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I have a table with two sections. A segmented control in first sections changes which rows are displayed in the second section. My problem is that the order of the rows and which row are displayed in the second section shifts improperly upon each subsequent press of a button in the segmented control.

I allow a user to add a product to a shopping list 3 different ways: by name, by barcord and by taking a picture with a camera. I have 3 buttons in a UISegmentedControl so the users can select which method to use. Depending on which segement the user selects the fields in the second segment should change to show cells relevant to that method.

Section 0:
    0 row with segmented control showing name, barcode and camera buttons
Section 1:
    // button zero, name button
    0 row with textfield
    1 row with textfield 
    // button 1, barcode button
    0 row with textfield
    // button 2, camera button
    // shows camera view

I've put placeholders in each UITextField.

Each time a button in the segmented control is clicked, I call a pickOne: method that updates the tablevew. In that method, I construct a NSIndexSet with NSRange of (1, 1), and then I call the reloadSections: method of the UITableViewController with the NSIndexSet as a parameter.

When the view appears for the first time, everything is ok but when I click the buttons repeatedly, the order of the cells changes. Cells containing the two textFields for the button0 and the new placeHolders are written over the old ones. Worse, sometimes when I click on button 0, it shows me only the second cell of the two cells.

My detailed code can be seen here http://pastebin.com/9GwMpCS9

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You're going to have to show some code. Remember, it doesn't matter how detailed a description you give, you can save yourself time by showing the relevant code. –  Jasarien Mar 30 '10 at 8:39

2 Answers 2

I'm seeing a couple of problems.

The first big one is that you're adding subviews into the cells bypassing the contentView. Subviews in predefined styles are broken up into different parts depending on their roles. You have the editing control, the content view, and the accessory view. While you can add directly to the cell's view, there'll be odd behavior because the predefined cells are expecting the content to be in the content view.

I think what's causing your problem is that you're adding subviews every time a cell is decorated but you never remove them. When a cell is dequeued there's no guarantee that everything is restored to the pristine new condition as if it was alloc'ed. Things like custom accessory views that aren't removed can be left behind. I'm pretty sure that's happening. You're collecting visual trash on cells that should be clean.

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In fact I've tried both of the cell view and its contentView, the result was the same, but actually it is better to use the contentView. Concerning the fact of reusing the cell, you are right. I tried to remove old textFields from superview each time I click on a button before adding new ones, and it works better. The only bug I have is when the barcode textField has the focus, and I click on the button 0. In this case, it shows only the second cell rather than showing the two cells. I resolved this problem by resigning first responder each time I click on a Button. –  dark_nights Mar 31 '10 at 13:22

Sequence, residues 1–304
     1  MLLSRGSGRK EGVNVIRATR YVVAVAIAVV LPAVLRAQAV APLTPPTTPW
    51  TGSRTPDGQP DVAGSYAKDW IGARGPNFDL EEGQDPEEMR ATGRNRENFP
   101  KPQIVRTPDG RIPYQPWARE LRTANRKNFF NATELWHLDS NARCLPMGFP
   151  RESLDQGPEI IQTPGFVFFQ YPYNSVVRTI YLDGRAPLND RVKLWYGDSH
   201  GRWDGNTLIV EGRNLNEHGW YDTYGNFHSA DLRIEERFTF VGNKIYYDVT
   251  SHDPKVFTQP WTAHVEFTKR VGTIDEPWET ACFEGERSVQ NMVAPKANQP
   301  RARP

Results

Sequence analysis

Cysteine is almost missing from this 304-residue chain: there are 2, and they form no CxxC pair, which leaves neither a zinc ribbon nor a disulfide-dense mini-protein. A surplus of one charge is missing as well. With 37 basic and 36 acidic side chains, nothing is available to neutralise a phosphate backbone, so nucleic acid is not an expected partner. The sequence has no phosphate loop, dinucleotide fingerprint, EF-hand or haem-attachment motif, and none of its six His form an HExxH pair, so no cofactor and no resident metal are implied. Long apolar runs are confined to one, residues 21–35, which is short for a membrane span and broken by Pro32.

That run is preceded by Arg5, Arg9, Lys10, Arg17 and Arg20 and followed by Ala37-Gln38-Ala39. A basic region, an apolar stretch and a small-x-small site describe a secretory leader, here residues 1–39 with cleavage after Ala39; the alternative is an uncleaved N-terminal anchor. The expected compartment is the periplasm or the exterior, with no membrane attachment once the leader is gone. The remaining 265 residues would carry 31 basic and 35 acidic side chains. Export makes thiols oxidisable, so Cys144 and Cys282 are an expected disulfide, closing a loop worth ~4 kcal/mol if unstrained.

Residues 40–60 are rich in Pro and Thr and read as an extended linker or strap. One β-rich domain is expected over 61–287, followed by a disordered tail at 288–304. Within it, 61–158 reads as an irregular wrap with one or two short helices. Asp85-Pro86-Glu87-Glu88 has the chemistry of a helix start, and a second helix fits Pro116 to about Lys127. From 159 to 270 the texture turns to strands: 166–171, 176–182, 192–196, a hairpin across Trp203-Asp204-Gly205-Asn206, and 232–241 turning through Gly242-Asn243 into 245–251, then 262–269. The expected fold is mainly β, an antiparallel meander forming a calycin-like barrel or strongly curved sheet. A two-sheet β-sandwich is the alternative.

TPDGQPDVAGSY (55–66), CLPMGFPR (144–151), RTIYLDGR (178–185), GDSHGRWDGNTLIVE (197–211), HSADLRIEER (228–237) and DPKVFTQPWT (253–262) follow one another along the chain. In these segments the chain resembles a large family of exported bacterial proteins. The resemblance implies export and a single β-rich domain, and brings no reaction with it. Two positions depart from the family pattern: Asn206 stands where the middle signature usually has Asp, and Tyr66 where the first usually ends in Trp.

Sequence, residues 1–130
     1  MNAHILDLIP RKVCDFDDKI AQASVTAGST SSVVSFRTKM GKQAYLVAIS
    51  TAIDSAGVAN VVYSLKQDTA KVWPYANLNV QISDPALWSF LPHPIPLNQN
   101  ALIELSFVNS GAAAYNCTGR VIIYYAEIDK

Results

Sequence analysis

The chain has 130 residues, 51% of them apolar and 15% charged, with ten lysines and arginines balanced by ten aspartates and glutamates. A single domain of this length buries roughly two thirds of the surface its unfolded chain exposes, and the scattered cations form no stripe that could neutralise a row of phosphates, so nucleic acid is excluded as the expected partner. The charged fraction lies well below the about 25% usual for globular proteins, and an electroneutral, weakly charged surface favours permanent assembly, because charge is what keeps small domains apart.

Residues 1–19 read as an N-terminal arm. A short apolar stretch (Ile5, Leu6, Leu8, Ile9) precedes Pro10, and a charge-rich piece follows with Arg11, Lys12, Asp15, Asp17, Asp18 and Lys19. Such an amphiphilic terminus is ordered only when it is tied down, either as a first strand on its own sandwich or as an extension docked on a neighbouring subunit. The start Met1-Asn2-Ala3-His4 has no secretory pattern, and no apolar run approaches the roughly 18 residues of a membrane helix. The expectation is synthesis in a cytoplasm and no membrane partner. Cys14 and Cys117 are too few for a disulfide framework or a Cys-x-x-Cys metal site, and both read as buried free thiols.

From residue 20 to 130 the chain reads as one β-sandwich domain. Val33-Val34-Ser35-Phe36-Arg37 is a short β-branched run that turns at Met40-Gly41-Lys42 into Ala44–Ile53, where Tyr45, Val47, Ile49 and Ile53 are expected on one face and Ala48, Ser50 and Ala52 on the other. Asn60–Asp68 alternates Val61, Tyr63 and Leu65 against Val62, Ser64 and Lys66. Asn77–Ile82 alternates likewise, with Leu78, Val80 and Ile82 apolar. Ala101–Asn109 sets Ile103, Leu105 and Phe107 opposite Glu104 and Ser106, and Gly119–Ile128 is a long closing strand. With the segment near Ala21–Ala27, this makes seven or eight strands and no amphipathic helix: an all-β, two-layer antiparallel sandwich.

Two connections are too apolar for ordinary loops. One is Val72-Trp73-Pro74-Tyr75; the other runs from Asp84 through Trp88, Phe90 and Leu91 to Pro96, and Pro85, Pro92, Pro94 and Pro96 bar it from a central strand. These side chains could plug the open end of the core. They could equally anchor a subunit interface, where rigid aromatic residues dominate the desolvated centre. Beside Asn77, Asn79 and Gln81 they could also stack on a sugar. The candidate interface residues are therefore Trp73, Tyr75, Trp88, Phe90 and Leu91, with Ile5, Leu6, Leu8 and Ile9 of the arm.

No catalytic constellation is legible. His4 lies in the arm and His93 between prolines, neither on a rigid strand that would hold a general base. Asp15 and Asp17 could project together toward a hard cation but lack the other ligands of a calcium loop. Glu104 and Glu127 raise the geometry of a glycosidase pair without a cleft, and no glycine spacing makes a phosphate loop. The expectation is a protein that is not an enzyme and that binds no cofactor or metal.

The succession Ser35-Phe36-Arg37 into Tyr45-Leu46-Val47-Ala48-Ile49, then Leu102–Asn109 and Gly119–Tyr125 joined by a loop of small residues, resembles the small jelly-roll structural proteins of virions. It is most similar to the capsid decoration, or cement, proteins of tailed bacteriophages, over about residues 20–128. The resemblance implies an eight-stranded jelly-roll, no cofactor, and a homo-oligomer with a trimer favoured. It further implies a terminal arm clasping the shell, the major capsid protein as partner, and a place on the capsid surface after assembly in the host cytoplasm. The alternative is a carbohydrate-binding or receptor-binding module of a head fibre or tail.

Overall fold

I believe your problem is here.

// Customize the appearance of table view cells.
- (UITableViewCell *)tableView:(UITableView *)tableView cellForRowAtIndexPath:(NSIndexPath *)indexPath {


        if(addMode == NAME) {
            if(indexPath.row == 0) {
                [cell addSubview:nameTextField];
            else if(indexPath.row == 1) {
                [cell addSubview:categoryTextField];
        else if(addMode == BARCODE) {
            [cell addSubview:barcodeTextField];
        else if(addMode == SCAN){

            //Scanning mode
    return cell;

This because the table always shows has having two sections, this method is always called for section 1. Regardless of the input type selected, it creates or dequeue a cell and returns it. Whenever addMode==SCAN, it randomly dequeues one of the previously used cells for the name or barcode addMode and returns that.

I suggest that you remove the SCAN logic from the table altogether or that you create a row for the camera.

I think the latter the best UI. With the first two buttons, the users is presented with a choice in the second section. You should maintain that pattern with the camera choice. Just have a cell that displays a button that evokes the camera. Yes, it adds a second step but establishes a kinetic pattern for the user: Select input type in section one then select an appropriate cell in section two. The user shouldn't have to stop and think each time whether they need to hit one of the rows in section two or not. They should just do so automatically.

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